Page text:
FDA Drug Safety Communication, Opioid Addiction Medications in Patients Taking Benzodiazepines or CNS Depressants

PUBLISHED: Sep 20, 2017
Relevant to: Ambulatory Care, Behavioral Health, Community Mental Health Centers, Critical Access Hospitals, Dialysis Facilities, Home Health, Hospice, Hospitals, Long Term Care, Medical Office/Clinic, Pharmacies

The US Food and Drug Administration (FDA), based on additional review, is advising that the opioid addiction medications buprenorphine and methadone should not be withheld from patients taking benzodiazepines or other drugs that depress the central nervous system (CNS). According to the FDA, while the combined use of these drugs increases the risk of serious side effects, the harm caused by untreated opioid addiction usually outweighs these risks. Careful medication management by health care professionals can reduce these risks. The FDA is requiring this information to be added to the buprenorphine and methadone drug labels along with detailed recommendations for minimizing the use of medication-assisted treatment (MAT) drugs and benzodiazepines together.

BACKGROUND:

Many patients with opioid dependence may also use benzodiazepines or other CNS depressants, either under a health care professional’s direction or illicitly. Although there are serious risks with combining these medicines, excluding patients from MAT or discharging patients from treatment because of use of benzodiazepines or CNS depressants is not likely to stop them from using these drugs together. Instead, the combined use may continue outside the treatment setting, which could result in more severe outcomes.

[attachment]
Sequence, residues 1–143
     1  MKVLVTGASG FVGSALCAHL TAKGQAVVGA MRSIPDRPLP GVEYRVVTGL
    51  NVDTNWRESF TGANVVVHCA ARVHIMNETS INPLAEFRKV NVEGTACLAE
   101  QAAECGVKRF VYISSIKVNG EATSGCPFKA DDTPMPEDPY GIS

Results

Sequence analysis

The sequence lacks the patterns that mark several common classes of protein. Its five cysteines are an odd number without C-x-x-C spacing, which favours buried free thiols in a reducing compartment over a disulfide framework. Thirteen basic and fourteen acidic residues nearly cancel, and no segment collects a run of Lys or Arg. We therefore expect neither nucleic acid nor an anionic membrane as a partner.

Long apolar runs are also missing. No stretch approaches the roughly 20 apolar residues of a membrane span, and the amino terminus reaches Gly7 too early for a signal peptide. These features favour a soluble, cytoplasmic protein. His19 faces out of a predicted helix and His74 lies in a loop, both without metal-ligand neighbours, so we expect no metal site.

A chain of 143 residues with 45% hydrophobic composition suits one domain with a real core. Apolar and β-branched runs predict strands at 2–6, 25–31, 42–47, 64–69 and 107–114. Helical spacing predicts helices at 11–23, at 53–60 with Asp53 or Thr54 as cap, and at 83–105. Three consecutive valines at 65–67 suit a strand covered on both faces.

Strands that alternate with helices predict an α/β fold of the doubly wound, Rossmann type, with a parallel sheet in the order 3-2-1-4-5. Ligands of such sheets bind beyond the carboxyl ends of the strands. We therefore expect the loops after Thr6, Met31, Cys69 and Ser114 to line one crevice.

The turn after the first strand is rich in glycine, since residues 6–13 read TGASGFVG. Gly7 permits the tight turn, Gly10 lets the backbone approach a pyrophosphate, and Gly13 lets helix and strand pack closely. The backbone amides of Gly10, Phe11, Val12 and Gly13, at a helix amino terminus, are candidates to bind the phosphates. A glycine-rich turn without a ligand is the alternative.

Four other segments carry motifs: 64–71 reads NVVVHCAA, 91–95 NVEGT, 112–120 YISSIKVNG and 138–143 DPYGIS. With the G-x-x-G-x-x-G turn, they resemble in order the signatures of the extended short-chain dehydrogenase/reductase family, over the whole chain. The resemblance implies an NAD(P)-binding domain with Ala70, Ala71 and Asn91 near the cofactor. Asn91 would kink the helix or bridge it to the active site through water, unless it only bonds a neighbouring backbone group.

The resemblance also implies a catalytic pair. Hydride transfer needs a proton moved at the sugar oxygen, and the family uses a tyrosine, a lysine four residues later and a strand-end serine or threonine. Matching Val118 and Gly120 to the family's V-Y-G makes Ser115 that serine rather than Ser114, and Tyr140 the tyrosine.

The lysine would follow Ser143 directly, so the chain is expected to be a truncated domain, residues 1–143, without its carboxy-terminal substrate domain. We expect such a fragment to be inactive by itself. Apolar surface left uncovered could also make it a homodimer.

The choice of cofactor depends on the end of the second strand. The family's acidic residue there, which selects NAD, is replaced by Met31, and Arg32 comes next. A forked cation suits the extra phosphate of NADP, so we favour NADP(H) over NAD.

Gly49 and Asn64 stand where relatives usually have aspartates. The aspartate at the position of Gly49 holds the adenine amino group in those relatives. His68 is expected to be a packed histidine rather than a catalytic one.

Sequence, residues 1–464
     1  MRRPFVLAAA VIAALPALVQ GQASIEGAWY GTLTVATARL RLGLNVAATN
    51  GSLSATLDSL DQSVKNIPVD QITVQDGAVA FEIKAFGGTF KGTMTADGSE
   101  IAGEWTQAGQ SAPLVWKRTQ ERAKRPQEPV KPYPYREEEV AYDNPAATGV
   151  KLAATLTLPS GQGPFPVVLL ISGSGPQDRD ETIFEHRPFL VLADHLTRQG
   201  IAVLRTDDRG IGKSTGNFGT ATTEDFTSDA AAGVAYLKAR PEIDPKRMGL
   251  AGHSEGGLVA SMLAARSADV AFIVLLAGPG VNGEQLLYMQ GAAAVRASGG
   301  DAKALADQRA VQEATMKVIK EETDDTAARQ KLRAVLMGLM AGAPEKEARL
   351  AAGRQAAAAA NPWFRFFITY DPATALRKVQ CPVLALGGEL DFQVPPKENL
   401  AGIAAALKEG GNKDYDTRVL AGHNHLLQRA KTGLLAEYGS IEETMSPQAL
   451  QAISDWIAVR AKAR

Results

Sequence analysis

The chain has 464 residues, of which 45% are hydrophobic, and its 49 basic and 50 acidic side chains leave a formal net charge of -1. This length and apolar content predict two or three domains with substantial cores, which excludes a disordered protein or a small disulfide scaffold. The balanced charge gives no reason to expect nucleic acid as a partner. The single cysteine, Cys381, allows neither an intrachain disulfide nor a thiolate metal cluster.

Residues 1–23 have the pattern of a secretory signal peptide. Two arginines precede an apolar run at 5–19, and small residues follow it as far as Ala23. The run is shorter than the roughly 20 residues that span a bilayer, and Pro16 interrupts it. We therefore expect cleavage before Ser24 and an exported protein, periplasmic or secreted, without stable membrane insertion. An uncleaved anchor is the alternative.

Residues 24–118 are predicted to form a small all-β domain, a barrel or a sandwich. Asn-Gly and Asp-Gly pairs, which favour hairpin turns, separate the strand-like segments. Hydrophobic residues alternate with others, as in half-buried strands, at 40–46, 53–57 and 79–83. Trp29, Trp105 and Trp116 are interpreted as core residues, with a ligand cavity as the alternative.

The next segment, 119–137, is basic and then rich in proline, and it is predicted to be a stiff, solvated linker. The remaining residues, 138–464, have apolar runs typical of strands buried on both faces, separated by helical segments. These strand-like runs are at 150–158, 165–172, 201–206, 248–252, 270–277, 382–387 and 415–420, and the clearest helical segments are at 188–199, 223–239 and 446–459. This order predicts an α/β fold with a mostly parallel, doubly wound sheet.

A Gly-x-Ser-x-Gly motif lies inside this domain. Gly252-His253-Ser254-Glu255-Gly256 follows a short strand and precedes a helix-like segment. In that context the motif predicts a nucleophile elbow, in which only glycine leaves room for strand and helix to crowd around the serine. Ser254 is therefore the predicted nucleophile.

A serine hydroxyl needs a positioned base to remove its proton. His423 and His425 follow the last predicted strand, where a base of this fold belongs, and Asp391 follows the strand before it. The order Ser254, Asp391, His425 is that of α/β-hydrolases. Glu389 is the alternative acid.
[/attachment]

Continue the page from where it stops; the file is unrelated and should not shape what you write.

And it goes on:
RECOMMENDATIONS:

Health care professionals should take several actions and precautions and develop a treatment plan when buprenorphine or methadone is used in combination with benzodiazepines or other CNS depressants. These include:

  • Educating patients about the serious risks of combined use, including overdose and death, that can occur with CNS depressants even when used as prescribed, as well as when used illicitly.
  • Developing strategies to manage the use of prescribed or illicit benzodiazepines or other CNS depressants when starting MAT.
  • Tapering the benzodiazepine or CNS depressant to discontinuation if possible.
  • Verifying the diagnosis if a patient is receiving prescribed benzodiazepines or other CNS depressants for anxiety or insomnia, and considering other treatment options for these conditions.
  • Recognizing that patients may require MAT medications indefinitely and their use should continue for as long as patients are benefiting and their use contributes to the intended treatment goals.
  • Coordinating care to ensure other prescribers are aware of the patient’s buprenorphine or methadone treatment.
  • Monitoring for illicit drug use, including urine or blood screening.

Patients taking MAT drugs should continue to take these medicines as prescribed. Patients should be advised:

  • Not to stop taking other prescribed medicines without first talking to thier health care professional.
  • Tell health care professional if taking MAT before starting any new medicines.
  • Do not take non-prescribed benzodiazepines or other sedatives or use alcohol when taking MAT because the combined use increases the possibility of harm, including overdose and death.

Healthcare professionals and patients are encouraged to report adverse events or side effects related to the use of these products to the FDA's MedWatch Safety Information and Adverse Event Reporting Program.

See the Drug Safety Communication for additional information.

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